AMARILLO — Texas Comptroller Glenn Hegar today visited the Panhandle Groundwater Conservation District (PGCD) on the second stop of his Good for Texas Tour: Water Edition. The PGCD is home to one of five cloud seeding programs in Texas. Cloud seeding is a form of weather modification used to stimulate clouds to produce rain. This process is commonly referred to as precipitation enhancement.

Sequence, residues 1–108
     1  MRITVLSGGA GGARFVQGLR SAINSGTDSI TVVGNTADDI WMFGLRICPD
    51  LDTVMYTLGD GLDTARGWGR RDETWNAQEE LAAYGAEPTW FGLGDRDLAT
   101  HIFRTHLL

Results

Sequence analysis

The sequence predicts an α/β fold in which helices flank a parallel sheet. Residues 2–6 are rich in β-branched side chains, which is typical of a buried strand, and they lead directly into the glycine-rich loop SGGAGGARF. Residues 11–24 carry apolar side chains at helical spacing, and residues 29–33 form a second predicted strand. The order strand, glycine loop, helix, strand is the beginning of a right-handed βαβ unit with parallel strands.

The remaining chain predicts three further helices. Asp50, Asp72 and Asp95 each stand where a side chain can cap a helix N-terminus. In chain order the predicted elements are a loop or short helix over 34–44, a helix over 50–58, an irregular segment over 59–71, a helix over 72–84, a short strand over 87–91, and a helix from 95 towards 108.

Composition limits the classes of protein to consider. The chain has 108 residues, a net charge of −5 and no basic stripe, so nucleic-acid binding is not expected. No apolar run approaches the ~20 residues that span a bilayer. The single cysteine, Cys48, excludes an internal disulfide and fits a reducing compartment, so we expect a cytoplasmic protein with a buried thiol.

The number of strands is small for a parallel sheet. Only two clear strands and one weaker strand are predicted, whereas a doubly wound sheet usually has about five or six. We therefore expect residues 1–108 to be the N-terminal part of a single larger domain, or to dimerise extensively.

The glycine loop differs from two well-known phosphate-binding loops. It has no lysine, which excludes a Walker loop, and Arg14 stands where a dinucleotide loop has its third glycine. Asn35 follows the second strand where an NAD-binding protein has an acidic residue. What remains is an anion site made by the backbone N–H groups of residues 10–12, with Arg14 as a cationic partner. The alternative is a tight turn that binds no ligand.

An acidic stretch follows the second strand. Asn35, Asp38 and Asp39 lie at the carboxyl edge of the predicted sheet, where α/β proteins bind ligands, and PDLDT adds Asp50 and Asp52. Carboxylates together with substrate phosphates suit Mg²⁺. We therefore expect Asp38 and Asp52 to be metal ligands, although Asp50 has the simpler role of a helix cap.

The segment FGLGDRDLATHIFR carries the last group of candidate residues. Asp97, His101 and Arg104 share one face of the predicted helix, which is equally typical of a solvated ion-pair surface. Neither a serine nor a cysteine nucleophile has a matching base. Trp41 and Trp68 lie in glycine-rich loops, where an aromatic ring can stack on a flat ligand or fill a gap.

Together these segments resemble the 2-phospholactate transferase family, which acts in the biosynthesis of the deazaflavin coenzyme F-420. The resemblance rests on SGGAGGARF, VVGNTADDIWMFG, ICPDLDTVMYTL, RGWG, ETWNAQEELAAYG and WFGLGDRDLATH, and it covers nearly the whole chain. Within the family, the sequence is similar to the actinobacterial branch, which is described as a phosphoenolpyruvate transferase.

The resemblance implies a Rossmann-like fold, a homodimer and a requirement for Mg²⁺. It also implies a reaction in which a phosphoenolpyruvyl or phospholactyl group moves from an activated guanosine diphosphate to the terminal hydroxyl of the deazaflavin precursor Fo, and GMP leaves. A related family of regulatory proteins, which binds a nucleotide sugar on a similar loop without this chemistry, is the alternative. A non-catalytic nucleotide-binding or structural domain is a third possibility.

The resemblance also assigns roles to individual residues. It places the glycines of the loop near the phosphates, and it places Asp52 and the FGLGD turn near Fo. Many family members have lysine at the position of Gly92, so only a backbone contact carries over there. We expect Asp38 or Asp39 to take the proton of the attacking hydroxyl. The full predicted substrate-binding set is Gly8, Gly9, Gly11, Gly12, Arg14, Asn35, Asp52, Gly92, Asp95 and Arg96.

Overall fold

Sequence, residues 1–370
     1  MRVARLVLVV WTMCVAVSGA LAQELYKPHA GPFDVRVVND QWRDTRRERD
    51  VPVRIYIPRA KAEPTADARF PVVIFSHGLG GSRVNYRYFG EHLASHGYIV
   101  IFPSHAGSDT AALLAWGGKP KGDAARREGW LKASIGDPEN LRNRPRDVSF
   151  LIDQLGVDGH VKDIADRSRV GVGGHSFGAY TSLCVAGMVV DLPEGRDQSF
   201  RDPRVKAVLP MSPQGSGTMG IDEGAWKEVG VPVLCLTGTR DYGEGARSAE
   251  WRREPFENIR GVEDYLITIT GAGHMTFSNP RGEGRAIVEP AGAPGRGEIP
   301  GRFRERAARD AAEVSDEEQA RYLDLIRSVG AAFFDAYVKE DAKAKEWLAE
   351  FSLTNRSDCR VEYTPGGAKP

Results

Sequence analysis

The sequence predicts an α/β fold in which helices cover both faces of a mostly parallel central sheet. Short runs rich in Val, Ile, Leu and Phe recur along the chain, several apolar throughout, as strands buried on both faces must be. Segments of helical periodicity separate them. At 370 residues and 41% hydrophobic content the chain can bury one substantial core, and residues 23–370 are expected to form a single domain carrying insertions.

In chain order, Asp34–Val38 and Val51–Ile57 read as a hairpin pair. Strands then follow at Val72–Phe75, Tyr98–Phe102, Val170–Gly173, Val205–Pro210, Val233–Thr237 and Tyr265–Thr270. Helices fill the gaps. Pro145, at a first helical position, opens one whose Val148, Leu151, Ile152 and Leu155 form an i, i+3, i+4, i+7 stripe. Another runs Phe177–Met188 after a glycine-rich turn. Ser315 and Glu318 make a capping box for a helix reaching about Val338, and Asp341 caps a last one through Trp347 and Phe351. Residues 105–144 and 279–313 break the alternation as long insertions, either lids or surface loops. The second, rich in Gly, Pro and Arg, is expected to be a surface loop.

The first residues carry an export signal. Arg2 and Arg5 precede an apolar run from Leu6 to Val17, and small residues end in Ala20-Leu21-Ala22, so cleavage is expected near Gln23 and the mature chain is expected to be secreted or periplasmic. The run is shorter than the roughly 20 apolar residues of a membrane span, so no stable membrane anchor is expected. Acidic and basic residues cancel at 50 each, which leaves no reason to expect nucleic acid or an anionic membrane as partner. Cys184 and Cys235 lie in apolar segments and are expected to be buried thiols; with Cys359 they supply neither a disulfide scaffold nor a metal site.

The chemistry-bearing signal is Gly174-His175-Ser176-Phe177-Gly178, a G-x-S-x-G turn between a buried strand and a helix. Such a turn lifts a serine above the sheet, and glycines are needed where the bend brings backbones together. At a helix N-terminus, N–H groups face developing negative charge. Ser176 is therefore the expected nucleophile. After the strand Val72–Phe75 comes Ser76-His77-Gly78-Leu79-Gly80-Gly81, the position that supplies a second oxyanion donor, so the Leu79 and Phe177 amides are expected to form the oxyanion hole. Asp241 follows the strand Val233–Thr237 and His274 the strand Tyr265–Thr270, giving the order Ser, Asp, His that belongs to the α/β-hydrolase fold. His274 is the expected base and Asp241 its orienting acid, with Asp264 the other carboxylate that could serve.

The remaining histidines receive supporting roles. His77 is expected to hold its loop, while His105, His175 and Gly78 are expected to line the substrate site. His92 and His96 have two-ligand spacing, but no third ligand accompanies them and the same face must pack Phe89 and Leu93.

“In the U.S., cloud seeding is increasingly accepted as an effective method of providing relief in drought-stricken states such as Arizona, California, Colorado, Idaho, New Mexico, Utah and Wyoming,” said Hegar, a member of the board of advisers for the State Water Implementation Fund for Texas, a critical financial assistance tool for high-cost projects. “To help supplement the Texas water supply, some areas of the state are using periodic cloud seeding attempts to increase rainfall. The PGCD conducts cloud seeding operations to augment groundwater recharge over the Ogallala Aquifer. This is a target area of nearly 4.1 million acres in the eastern sector of the Texas Panhandle, which allows access to cloud systems moving out of Oklahoma.”